Enforcing the path will provide added security because it reduces the risk of unauthorised access; especially where such a workstation is itself within a secure zone, requiring physical access codes / keys etc.
Enhancement In theory, an improvement in hardware or software over the current version. In practice, enhancements are often merely vehicles to introduce some ‘new’ features into a package before withdrawing support for the current product, thereby pushing users towards upgrading their systems - at a price.
Error Log An error log records any abnormal activity on application software, usually in simple / plain text (ASCII). Each (main) application generates its own logs, and it is the responsibility of Systems Operations to retrieve and scrutinise them for any processing errors.
Escrow A legal provision whereby, in the event of a developer/supplier failing or otherwise ceasing to trade, the source code for their packaged software is made available to licensed / registered users, thereby enabling its ongoing maintenance.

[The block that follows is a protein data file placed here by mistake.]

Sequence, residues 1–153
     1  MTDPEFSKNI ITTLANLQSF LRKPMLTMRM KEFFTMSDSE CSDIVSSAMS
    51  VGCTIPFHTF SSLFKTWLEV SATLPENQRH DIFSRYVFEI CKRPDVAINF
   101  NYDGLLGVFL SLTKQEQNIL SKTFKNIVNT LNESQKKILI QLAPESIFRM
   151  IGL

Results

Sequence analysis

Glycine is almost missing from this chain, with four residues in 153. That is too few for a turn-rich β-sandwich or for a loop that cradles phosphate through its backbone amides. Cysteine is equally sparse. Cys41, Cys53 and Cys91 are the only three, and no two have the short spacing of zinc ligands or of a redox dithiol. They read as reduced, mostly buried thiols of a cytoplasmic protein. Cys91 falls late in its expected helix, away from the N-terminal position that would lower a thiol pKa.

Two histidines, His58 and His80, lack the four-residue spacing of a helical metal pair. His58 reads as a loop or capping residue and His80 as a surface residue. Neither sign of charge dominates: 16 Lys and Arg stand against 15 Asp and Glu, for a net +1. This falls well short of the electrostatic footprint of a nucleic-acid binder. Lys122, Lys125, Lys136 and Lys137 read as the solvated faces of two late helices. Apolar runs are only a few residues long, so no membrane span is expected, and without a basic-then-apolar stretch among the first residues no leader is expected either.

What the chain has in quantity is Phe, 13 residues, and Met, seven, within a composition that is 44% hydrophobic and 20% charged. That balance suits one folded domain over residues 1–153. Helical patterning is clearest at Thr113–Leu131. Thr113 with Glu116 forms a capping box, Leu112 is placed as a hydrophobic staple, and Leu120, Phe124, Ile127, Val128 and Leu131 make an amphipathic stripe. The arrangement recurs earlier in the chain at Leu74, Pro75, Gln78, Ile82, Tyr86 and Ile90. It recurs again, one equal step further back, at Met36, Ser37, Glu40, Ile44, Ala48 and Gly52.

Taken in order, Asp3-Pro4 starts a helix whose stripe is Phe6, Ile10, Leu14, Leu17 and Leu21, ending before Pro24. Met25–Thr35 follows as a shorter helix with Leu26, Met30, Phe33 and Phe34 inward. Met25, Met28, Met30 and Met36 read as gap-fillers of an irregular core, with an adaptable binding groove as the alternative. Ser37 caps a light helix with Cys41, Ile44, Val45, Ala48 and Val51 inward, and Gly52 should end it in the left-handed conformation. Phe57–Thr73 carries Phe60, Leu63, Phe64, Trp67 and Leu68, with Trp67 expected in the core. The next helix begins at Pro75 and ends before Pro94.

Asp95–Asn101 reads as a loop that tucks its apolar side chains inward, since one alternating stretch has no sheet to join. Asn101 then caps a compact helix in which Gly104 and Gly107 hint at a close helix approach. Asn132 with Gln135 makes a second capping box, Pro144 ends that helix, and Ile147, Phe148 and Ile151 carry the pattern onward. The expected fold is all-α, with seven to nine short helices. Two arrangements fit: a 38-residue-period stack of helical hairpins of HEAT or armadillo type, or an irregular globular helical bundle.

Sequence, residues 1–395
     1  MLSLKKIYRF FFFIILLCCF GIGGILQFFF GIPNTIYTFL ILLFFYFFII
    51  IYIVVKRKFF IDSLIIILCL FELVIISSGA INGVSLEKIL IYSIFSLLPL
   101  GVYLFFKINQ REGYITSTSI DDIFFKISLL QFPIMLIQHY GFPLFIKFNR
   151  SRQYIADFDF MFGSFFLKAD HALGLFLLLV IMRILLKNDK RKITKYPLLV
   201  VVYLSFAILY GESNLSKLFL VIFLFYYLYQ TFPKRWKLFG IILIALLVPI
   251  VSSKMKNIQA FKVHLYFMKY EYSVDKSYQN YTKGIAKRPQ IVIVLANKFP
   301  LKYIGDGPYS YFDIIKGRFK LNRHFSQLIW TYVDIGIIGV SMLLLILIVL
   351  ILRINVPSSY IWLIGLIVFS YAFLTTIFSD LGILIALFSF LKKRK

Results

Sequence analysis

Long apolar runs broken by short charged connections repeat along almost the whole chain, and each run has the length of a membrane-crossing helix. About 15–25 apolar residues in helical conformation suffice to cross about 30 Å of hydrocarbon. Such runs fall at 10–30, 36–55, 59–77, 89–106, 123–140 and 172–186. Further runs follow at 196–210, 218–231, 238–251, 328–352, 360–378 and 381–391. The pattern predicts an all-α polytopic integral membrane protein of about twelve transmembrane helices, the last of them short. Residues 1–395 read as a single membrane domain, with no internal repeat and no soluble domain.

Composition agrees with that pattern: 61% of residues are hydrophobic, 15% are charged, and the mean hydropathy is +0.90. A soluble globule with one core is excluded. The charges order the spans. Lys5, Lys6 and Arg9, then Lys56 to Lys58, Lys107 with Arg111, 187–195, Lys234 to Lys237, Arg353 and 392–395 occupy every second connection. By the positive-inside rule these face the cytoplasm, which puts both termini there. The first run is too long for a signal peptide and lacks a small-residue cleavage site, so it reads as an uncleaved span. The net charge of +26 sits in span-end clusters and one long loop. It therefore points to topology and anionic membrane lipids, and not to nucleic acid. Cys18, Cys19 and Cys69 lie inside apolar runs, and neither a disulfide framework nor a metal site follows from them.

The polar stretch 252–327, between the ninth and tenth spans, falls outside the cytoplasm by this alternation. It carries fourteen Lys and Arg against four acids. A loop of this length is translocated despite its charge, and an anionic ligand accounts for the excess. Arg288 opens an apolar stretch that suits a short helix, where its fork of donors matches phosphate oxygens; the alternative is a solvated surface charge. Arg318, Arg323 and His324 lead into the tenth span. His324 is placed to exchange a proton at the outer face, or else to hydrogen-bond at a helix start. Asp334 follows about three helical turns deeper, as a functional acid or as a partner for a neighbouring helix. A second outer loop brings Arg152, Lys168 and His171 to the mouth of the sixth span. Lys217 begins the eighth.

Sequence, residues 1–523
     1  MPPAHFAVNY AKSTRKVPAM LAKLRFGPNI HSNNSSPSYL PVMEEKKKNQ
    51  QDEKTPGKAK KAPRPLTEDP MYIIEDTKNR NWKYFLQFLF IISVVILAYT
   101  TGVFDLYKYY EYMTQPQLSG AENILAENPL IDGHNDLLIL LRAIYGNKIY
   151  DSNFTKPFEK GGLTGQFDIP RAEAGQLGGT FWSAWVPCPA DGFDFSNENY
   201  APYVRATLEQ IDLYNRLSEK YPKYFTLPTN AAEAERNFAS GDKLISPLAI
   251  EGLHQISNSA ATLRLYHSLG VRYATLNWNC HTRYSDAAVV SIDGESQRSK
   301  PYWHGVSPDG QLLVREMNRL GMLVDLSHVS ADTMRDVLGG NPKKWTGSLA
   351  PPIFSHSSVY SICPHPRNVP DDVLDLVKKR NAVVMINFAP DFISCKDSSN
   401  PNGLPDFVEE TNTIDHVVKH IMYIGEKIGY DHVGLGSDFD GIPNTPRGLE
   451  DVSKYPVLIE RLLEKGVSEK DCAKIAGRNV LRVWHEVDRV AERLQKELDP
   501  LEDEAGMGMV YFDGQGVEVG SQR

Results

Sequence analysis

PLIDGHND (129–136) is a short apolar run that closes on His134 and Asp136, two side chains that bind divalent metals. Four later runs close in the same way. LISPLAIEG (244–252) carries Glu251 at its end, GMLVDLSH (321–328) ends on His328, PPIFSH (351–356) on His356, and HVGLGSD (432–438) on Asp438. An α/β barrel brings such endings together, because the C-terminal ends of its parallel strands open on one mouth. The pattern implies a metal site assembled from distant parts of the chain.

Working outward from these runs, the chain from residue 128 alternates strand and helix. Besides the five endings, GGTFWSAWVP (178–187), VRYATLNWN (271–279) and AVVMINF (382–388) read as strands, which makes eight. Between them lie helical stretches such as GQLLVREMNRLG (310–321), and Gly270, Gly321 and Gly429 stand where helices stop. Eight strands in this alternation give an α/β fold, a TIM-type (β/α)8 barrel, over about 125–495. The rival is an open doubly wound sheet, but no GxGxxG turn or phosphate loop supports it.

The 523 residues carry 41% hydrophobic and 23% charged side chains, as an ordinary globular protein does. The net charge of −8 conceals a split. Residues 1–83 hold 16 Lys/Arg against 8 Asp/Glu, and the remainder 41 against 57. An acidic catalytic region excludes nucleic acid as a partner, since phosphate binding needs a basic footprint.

e-Trading e-Trading is that part of e-Commerce which specialises in financial services. It deals in corporate paper (e.g. stocks and shares), the purchase of commodities, and currencies etc. It can be Business-to-Consumer or Business-to-Business.
Expectations Mismatch Expectations mismatch refers to the all too common condition whereby the customer’s expectations are different from those of the supplier and is one of the most common reasons for systems projects to falter. No matter which project or initiative is concerned, always ensure that expectations remain synchronised throughout the project.
The seeds for such mismatch are normally sown early on in the project, where the vendor presents a solution to the need as they perceive it, and the organisation believes that the vendor’s system can meet their needs; such belief often being based upon the verbal assurances given by the vendor.
It is strongly recommended that, as negotiations are progressing, the organisation documents precisely what it expects each party to provide and, more importantly, what each is not expecting to do / provide.